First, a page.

The Robinsons argue that the active/passive dichotomy articulated in Baker should be applied in this case to prevent the enforcement of the exculpatory clause as to their negligence claim. However, the cases relied on by the Robinsons concern the specific context of exculpatory clauses in residential leases entered into before the adoption of the Act in 2007. Of course, unlike Baker and subsequent cases relying
Next, the Robinsons argue that the trial court erred in entering a summary judgment on their wantonness claim.
Next, the Robinsons argue that the trial court erred in entering a summary judgment on the their claims alleging fraud and deceit. In their complaint, the Robinsons made the following allegations regarding those claims:
The Robinsons contend that their complaint stated claims alleging both fraud and deceit. The elements of fraud are:
Coastal Concrete Co. v. Patterson, 503 So.2d 824, 826 (Ala.1987). See also § 6-5-101, Ala.Code 1975 (stating the elements of fraud). "In promissory fraud, the material existing fact that is misrepresented is the defendant's state of mind, when the defendant represents that he intends to perform some act although he does not in fact intend to perform it." Spring Hill Lighting & Supply Co. v. Square D Co., 662 So.2d 1141, 1149 (Ala.1995).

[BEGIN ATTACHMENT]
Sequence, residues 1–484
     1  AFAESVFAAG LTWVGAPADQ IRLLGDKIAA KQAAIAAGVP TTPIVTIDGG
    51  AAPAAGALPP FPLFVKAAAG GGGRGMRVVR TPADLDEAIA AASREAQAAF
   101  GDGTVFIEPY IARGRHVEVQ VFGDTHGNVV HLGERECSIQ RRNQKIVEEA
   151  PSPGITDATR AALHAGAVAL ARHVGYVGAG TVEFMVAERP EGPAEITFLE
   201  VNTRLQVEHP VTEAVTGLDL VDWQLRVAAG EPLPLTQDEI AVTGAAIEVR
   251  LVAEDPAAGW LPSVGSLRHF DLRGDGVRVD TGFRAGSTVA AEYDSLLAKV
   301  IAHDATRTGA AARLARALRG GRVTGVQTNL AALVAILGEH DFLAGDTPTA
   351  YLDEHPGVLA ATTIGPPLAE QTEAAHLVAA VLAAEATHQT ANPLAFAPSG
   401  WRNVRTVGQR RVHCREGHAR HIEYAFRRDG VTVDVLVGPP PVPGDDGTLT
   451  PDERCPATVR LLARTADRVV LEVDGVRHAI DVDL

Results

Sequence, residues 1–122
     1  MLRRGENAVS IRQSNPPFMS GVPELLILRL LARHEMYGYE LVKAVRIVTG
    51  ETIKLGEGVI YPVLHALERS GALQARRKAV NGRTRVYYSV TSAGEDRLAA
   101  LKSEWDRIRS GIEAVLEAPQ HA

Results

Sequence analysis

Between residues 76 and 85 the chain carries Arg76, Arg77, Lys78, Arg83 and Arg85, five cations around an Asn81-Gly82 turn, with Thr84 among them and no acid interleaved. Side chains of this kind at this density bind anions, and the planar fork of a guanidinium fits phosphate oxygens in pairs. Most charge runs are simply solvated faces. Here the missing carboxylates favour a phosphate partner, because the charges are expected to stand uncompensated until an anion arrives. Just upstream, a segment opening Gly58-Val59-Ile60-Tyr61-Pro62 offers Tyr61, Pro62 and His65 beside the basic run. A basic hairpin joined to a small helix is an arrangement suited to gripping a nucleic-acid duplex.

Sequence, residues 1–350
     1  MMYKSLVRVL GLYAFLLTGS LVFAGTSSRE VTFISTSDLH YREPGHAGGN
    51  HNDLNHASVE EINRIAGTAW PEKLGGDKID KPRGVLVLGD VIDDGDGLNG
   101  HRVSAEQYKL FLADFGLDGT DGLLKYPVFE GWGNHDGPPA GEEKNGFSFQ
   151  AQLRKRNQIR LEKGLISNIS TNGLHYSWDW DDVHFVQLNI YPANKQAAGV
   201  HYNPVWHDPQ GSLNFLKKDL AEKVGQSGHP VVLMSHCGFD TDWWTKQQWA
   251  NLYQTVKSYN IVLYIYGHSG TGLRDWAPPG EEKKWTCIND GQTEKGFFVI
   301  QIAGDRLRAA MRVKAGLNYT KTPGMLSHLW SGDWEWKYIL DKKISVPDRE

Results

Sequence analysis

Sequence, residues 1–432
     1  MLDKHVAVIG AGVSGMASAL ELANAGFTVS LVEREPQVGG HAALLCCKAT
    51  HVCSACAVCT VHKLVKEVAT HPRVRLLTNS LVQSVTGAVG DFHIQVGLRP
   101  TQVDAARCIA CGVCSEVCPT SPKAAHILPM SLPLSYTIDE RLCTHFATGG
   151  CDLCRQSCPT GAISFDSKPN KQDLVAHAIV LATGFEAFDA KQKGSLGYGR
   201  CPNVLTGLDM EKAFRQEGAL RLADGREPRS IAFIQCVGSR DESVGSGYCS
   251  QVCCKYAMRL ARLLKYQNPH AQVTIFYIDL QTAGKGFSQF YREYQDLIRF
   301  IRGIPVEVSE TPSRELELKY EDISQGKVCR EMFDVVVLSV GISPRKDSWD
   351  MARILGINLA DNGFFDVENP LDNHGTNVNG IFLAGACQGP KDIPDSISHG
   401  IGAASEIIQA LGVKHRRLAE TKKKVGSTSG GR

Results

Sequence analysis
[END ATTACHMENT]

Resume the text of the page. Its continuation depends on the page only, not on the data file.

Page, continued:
The Robinsons' complaint may be read as alleging that, when the rental agreement was signed in March 2008, the defendants misrepresented that the storage facility was then protected by surveillance cameras. However, as the defendants argued in the trial court, the record contains no evidence establishing that the storage facility was not protected by surveillance cameras when the rental agreement was entered into. Conversely, the manager of the storage facility, Ney, testified that the surveillance cameras "were functioning properly" before renovations to the storage facility began in July 2008. Also, Tasha Robinson testified that, on the day she signed the rental agreement, she observed a video monitor indicating that the surveillance camera monitoring the entrance to the storage facility was functioning. Insofar as the fraud claim alleged that the defendants misrepresented that the surveillance cameras were functioning when the rental agreement was entered into, that claim fails because there is no evidence indicating that the defendants made a false representation concerning that existing fact. See, e.g., Singleton v. Protective